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Opinion

Opinion

McCain can play vital role in Senate

August 26, 2010

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— Now that John McCain has taken care of his political business in Arizona, it is time for him to return to Washington and the responsibilities he bears as a leader of the Republican Party and the nation.

I did not begrudge him the $20 million he spent to win Tuesday’s primary, or whatever amount it was. Nor was I bothered by the doctrinal compromises the senator made in order to convince Arizona voters that he was, in fact, a conservative. McCain has always been a realist, doing what is necessary to survive a North Vietnamese prison camp or a tough political trap. His 2000 embrace of George W. Bush — a man he had every reason to dislike — showed his practicality, and it made possible his own presidential nomination in 2008.

It was easy to root for McCain to turn back the challenge from former Rep. J.D. Hayworth and put himself in a position to win his fifth term in November. The last thing the Senate needs is a loudmouth ex-radio talk show host like Hayworth.

What it does need badly is adult leadership, and it’s now incumbent on McCain to demonstrate that he is prepared to fulfill this role for both his party and his country.

After his defeat by Barack Obama, a man about whom he harbors many private reservations, McCain was entitled to step back and catch his breath rather than plunging into renewed political battle. When Hayworth popped up in Arizona, ambitious for the Senate seat, McCain was wise to take the threat seriously and respond forcefully.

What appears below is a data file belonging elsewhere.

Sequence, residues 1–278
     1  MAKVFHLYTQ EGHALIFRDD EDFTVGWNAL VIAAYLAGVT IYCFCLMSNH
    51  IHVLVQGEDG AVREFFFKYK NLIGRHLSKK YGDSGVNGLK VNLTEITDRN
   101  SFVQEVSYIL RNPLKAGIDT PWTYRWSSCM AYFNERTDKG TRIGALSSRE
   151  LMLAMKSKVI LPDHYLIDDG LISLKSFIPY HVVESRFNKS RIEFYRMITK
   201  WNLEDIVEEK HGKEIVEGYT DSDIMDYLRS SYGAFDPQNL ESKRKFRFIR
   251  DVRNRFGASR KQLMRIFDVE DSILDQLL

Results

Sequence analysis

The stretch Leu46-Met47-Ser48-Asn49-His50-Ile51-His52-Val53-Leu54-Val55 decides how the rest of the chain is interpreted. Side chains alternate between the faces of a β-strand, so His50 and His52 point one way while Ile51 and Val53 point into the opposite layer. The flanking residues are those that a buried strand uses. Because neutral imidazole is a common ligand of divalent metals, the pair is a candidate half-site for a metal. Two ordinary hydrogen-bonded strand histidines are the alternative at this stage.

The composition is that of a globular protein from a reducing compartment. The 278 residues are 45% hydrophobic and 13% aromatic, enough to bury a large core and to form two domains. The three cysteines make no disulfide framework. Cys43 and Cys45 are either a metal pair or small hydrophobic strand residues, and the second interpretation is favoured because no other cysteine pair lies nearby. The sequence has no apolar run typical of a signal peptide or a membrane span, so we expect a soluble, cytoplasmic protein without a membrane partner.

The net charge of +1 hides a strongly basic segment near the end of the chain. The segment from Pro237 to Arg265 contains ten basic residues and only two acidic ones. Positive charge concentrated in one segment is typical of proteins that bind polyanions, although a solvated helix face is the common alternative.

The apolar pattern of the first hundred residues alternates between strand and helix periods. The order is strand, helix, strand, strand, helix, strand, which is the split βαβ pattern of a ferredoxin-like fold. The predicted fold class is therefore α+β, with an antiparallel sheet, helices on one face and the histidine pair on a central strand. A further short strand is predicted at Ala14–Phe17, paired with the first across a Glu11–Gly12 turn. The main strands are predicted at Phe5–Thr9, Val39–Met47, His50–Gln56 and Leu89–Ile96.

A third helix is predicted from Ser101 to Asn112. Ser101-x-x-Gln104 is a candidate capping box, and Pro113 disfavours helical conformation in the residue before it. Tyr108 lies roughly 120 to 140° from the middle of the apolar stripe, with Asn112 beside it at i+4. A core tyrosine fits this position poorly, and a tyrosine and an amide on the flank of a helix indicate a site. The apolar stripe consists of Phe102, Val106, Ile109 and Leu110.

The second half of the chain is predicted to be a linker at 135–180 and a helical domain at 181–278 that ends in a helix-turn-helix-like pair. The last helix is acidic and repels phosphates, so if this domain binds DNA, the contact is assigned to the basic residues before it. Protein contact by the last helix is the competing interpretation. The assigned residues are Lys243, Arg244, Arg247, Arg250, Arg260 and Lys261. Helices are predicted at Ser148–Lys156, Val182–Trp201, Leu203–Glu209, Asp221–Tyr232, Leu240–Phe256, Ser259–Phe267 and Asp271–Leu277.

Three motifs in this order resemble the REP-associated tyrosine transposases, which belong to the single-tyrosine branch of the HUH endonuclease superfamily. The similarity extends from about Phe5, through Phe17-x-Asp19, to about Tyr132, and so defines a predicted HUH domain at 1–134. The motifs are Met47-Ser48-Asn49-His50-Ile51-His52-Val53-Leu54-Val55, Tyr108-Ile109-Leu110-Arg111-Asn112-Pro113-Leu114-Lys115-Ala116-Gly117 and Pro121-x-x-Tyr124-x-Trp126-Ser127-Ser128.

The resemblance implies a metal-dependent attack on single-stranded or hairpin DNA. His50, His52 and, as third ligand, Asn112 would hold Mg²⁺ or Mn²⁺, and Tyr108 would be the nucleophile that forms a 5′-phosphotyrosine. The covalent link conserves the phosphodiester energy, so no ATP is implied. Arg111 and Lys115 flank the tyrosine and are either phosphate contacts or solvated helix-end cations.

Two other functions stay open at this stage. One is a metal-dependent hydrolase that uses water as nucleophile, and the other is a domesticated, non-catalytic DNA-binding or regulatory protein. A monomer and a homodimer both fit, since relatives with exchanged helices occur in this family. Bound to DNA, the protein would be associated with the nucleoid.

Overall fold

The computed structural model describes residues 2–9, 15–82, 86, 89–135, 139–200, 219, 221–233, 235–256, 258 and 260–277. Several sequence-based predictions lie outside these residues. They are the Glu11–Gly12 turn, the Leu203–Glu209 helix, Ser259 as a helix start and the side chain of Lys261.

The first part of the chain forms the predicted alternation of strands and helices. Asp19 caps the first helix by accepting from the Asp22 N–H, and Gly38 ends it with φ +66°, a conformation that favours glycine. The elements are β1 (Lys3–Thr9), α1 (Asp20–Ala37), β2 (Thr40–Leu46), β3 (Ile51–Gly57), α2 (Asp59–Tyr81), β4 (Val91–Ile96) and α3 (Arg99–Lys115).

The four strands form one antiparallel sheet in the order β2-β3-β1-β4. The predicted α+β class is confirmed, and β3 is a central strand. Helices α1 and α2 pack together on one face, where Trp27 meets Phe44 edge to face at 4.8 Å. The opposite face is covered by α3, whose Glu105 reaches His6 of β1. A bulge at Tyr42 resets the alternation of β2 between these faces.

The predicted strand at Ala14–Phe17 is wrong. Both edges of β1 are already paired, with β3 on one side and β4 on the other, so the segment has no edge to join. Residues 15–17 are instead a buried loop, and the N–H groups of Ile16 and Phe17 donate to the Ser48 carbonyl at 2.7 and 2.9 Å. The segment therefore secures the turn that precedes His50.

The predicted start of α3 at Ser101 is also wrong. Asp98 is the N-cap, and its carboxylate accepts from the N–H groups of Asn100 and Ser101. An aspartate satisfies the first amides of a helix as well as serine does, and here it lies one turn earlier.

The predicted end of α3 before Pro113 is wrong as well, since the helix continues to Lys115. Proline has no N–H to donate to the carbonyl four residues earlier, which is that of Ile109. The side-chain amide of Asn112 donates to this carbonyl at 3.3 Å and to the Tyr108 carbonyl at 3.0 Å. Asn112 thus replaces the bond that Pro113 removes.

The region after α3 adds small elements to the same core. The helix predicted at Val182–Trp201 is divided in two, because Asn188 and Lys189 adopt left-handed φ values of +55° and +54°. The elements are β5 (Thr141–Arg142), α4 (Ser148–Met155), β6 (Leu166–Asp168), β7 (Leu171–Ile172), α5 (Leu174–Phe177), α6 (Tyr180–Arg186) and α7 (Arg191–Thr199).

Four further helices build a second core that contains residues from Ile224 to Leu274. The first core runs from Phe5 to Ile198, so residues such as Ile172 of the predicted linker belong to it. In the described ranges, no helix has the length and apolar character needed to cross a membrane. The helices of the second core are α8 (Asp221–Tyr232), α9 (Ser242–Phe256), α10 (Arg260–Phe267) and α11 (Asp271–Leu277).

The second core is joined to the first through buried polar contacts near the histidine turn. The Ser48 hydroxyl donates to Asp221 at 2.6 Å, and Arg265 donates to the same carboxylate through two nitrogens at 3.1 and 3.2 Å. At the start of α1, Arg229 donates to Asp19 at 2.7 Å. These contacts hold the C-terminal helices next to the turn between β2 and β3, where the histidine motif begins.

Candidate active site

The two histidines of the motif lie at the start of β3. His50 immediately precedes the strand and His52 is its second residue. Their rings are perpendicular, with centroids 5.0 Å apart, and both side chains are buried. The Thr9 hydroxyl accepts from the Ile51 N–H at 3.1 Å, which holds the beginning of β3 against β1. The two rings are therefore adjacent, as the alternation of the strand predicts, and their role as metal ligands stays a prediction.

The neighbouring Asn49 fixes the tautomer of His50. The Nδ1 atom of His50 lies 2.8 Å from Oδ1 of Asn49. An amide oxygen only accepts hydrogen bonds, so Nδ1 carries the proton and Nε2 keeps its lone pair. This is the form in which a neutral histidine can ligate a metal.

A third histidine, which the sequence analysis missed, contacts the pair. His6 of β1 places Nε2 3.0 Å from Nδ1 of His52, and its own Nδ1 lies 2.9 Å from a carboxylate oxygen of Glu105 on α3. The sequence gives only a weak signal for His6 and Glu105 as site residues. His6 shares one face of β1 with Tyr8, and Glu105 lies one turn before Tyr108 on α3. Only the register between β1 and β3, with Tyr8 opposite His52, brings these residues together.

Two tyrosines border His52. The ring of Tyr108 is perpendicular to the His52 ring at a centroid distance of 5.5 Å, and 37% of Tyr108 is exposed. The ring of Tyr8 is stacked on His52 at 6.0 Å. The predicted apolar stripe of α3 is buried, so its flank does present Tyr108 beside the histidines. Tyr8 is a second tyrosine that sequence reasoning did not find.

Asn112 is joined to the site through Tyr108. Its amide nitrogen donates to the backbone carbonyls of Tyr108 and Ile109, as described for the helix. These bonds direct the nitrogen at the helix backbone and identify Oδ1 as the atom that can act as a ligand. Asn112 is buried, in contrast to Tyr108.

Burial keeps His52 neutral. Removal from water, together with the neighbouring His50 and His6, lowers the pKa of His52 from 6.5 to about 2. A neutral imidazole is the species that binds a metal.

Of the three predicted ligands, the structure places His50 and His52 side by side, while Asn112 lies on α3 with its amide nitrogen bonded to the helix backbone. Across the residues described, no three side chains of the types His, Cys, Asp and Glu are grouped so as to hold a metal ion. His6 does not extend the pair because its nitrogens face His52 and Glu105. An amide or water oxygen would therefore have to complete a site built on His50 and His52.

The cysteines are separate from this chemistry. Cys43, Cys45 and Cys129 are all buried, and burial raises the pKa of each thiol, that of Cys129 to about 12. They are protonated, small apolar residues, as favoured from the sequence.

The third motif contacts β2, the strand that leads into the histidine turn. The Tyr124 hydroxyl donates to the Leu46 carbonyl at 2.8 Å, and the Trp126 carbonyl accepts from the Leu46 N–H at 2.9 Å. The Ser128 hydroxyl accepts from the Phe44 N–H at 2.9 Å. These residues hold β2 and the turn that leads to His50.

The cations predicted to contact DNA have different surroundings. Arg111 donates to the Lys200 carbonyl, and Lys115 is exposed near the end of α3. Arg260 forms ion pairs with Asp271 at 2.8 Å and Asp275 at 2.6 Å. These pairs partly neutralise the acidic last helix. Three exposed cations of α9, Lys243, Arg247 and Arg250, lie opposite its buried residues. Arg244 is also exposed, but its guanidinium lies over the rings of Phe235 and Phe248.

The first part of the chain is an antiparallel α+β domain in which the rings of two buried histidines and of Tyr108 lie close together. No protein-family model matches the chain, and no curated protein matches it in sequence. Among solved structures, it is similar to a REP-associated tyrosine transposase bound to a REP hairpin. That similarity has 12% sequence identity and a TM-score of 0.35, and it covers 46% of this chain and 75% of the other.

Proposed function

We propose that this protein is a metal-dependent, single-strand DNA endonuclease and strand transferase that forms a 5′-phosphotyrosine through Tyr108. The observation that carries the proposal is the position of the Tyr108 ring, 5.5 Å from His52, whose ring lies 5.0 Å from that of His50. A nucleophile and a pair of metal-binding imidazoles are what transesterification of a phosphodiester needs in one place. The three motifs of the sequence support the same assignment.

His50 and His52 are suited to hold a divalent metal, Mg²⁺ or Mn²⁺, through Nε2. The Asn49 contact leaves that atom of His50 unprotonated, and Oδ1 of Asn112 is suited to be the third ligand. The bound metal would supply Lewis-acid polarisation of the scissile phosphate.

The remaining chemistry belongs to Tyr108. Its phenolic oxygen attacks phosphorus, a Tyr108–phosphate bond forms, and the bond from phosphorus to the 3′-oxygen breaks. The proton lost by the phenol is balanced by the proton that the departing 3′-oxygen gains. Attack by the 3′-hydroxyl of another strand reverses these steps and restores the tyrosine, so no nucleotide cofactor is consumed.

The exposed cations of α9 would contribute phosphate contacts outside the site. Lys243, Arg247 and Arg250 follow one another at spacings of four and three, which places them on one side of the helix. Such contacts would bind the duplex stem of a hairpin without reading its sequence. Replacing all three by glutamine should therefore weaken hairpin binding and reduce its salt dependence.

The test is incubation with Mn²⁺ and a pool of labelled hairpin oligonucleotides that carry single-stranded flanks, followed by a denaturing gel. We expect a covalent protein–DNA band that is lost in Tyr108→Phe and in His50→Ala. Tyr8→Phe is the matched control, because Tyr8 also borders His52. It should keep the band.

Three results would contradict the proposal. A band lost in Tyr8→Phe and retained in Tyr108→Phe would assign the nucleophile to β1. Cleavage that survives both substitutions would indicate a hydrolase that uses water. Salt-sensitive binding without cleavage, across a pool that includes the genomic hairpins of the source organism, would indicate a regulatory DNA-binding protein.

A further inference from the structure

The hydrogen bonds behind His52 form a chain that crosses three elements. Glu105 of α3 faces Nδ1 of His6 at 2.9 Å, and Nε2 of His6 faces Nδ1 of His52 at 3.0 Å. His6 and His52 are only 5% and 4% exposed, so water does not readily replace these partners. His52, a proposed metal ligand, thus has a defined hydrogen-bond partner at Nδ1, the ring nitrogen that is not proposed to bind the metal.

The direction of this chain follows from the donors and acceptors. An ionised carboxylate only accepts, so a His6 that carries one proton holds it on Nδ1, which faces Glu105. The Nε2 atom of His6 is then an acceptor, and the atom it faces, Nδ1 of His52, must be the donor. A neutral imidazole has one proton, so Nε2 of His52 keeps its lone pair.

But now, as the 73-year-old senator prepares for what may well be his final term in a congressional career that began back in 1982, the time has come for McCain to look to his legacy — and conditions are right.

In a Congress where Democrats have pitiful approval ratings and Republicans even worse, McCain is one of the few names that does not draw instant contempt from the voters. The reputation he established for independence — for being his own man, no matter what the pressures — has survived the vagaries of an exceptionally long career.

That reputation is his ticket to influence, and a precious gift he can bestow on others, Republican or Democrat, who are willing to join him as a dysfunctional Senate prepares to struggle with a challenging agenda both domestic and foreign.

McCain need not muscle anyone out of the way to play the role for which he is uniquely fitted. He simply needs to set his own course and form his own ad hoc alliances, as he has always done, with a Tom Coburn on the right or a Russ Feingold on the left.